Tragic now when a century ago it seemed merely scandalous, the story of Evelyn Nesbit is a gripping cautionary tale for those who believe Paris Hilton, Britney Spears and Lindsay Lohan are the first of their kind. How is it that after a century of feminism, young beautiful women still crash and burn for an eager public? Using newly available family sources, Paula Uruburu tells Evelyn Nesbit's story in all its darkness and terror. (Honor Moore, author of The Bishop's Daughter)
Martha McPhee
Paula Uruburu has given life to the tragic American story of the poor, beautiful nymph whose fate is so often entangled with extreme wealth and the powerful man. Evelyn Nesbit is like a Dreiser heroine—Sister Carrie, Jenny Gerhardt—though hers is a true story, harrowing in this writer's hands. (Martha McPhee, author of L'America and Gorgeous Lies)
Zachary Lazar
In American Eve, a fascinating evocation of a woman and her times, Paula Uruburu does more than just tell the story of Evelyn Nesbit. Sex, money, scandal, celebrity, doom—the whole cocktail of America's obsessions is served up here in this intriguing, addictive book. (Zachary Lazar, author of Sway)
Philip Lopate
Wonderfully absorbing . . . A lurid tabloid story of yore brought to fresh life and relevance with remarkable insight, verve and wisdom. Old New York is laid bare in all its decadence and the cult of pubescent beauty traced to its source, all with worldliness, wit, humor, compassion, and suspense. The result is a real page-turner. (Philip Lopate, author of Waterfront: A Walk Around Manhattan and Writing New York)
Mike Dash
Of all the famous beauties of a hundred years ago, Evelyn Nesbit is the only one who would still turn heads today. Paula Uruburu's triumph is to fix this very modern- looking girl in her proper time and place, and also to describe the New York of the early 1900s so vividly that we feel we, too, could be strolling towards the 21st Street apartment where the teen was seduced by Stanford White—or sitting in Madison Square Garden on the fatal evening that White was shot dead. (Mike Dash, author of Satan's Circus: Murder, Vice, Police Corruption, and New York's Trial of the Century)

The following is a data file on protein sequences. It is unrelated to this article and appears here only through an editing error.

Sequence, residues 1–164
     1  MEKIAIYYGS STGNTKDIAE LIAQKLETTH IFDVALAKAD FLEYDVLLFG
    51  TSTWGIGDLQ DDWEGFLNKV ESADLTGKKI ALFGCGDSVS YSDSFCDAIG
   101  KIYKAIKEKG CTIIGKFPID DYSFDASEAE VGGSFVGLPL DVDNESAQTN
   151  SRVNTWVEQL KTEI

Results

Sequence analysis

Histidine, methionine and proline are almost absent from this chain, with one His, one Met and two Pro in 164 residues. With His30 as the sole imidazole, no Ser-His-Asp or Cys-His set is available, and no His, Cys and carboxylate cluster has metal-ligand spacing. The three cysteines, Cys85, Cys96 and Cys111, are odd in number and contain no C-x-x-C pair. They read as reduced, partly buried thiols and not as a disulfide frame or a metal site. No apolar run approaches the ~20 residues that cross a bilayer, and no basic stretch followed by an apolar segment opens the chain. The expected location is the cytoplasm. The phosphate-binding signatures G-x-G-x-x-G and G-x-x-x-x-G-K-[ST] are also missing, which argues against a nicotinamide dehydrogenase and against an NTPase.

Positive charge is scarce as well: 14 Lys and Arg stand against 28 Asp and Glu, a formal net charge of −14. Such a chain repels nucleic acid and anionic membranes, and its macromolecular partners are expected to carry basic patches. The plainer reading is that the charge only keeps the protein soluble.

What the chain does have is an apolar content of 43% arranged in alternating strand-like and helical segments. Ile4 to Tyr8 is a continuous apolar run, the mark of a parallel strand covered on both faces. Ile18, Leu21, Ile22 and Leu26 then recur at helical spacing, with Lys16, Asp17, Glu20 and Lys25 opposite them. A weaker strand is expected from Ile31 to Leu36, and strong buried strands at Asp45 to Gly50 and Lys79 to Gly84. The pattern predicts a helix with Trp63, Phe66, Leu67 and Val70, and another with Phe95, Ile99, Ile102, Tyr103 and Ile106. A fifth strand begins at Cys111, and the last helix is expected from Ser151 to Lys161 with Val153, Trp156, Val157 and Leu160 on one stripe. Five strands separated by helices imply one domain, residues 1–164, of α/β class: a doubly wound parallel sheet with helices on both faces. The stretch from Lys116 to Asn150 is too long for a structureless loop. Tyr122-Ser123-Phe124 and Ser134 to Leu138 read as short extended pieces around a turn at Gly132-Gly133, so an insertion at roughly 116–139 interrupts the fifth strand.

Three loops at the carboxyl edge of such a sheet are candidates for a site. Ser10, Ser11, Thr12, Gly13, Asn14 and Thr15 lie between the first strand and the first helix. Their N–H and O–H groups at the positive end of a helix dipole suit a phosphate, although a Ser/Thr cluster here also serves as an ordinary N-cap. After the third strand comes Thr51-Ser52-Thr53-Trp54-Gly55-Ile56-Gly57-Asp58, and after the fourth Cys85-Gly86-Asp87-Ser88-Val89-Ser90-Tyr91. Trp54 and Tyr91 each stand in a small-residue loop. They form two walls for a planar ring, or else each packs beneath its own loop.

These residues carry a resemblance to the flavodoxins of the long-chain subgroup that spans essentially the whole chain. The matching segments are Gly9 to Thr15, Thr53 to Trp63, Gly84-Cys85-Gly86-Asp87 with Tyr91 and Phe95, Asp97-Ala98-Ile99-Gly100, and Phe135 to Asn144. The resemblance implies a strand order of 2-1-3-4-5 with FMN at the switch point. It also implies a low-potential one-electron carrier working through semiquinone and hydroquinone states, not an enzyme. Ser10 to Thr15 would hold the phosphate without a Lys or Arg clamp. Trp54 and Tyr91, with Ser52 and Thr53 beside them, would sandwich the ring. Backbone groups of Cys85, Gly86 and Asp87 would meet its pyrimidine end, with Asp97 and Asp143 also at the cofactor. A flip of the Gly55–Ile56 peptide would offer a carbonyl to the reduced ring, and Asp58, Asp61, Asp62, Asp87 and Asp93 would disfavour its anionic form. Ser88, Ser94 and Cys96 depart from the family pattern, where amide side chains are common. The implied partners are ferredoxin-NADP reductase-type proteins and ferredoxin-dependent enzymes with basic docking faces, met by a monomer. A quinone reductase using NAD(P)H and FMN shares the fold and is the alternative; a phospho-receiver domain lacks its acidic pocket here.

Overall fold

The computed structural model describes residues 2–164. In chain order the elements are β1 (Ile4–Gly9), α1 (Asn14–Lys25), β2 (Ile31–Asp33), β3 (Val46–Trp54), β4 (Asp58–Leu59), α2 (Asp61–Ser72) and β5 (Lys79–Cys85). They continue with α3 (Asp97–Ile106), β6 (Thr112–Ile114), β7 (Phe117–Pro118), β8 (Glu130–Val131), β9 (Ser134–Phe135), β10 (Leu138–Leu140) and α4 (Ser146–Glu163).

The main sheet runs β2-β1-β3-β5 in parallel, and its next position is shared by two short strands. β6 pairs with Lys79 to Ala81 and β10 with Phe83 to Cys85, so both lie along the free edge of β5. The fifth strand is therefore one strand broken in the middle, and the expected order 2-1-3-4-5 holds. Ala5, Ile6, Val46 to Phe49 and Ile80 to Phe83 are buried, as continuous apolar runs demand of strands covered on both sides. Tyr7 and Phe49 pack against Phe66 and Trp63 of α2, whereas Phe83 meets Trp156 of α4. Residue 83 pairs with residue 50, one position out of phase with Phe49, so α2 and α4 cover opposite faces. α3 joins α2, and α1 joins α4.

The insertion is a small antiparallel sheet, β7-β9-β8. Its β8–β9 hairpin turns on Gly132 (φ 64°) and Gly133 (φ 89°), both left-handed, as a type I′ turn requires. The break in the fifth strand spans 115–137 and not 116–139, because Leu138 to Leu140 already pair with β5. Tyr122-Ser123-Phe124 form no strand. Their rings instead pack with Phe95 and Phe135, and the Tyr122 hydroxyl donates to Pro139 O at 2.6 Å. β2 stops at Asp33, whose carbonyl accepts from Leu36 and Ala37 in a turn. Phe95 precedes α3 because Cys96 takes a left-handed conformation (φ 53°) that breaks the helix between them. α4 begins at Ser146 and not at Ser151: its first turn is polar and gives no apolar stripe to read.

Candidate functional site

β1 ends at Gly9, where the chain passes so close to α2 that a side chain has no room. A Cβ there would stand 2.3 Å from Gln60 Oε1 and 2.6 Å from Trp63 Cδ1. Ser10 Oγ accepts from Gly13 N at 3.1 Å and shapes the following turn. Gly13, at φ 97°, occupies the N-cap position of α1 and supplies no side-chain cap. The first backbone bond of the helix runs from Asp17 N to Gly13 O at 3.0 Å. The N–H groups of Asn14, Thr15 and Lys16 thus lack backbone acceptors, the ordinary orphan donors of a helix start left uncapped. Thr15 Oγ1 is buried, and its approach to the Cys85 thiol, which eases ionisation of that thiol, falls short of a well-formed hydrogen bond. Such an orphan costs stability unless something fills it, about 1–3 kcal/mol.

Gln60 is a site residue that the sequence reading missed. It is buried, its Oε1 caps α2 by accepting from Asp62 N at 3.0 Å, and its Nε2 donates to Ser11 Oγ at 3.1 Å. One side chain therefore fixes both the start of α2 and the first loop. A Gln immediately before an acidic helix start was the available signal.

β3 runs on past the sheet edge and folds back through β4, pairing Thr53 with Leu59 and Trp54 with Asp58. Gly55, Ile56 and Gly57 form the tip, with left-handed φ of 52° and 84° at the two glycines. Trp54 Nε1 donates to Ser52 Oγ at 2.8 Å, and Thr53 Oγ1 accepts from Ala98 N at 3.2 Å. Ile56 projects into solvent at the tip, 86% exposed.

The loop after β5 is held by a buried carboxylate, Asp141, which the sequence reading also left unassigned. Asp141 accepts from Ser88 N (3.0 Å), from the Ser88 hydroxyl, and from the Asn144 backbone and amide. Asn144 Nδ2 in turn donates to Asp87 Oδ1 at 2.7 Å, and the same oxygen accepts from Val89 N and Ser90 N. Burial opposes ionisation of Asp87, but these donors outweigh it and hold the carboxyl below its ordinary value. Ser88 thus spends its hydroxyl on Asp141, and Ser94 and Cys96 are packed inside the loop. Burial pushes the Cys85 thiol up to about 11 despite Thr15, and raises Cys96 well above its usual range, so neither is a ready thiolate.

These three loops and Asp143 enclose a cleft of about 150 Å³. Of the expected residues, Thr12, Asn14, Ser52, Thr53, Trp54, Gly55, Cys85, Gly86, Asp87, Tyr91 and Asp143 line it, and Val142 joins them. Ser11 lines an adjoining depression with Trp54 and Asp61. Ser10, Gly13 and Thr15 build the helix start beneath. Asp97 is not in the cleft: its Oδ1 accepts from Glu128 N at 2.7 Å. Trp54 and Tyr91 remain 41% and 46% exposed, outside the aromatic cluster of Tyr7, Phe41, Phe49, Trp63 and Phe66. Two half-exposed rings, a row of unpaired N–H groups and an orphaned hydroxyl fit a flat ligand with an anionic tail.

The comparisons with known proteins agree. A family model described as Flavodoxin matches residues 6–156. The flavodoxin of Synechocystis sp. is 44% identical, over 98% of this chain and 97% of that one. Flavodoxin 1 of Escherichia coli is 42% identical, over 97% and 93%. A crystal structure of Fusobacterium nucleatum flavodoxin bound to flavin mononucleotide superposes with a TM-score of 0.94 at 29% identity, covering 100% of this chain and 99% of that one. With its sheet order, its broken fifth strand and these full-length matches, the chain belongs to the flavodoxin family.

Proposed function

Karen Abbott
Paula Uruburu serves up an intriguing and meticulously researched slice of American history. Evelyn Nesbit typified the glorious excesses of the Gilded Age, and this story has everything: sex, deception, drama, and a lurid love triangle, all culminating in the crime of the century. (Karen Abbott, author of Sin in the Second City: Madams, Ministers, Playboys, and the Battle for America's Soul)
Publishers Weekly

Uruburu, an associate professor of English at Hofstra who has consulted for the History Channel, examines the notorious life of model and chorus girl Evelyn Nesbit (1885?-1967), whose rise to stardom was as spectacular as her subsequent fall. Born in rural Pennsylvania, Florence Evelyn Nesbit was an "exceedingly pretty infant" who by 15 had achieved success as an actress and model in New York City, where her blend of sultry sexuality and unspoiled purity attracted the eye of famed architect and playboy Stanford White. But Pittsburgh heir and sexual sadist Harry K. Thaw wanted Nesbit for himself and vowed to expose White's "immoral" conduct with underage girls. Thaw went on to brutally rape and beat Nesbit, yet she agreed to marry him. Still consumed with jealousy, Thaw shot White to death in 1906, leading to a headline-grabbing trial. Uruburu's depiction of Nesbit's early life and career is richly detailed, but the book loses steam near the end and barely addresses Nesbit's post-trial tailspin into alcoholism. Still, readers will appreciate the parallels between Nesbit's "It Girl" status and our own celebrity-obsessed culture. Photos. (May 1)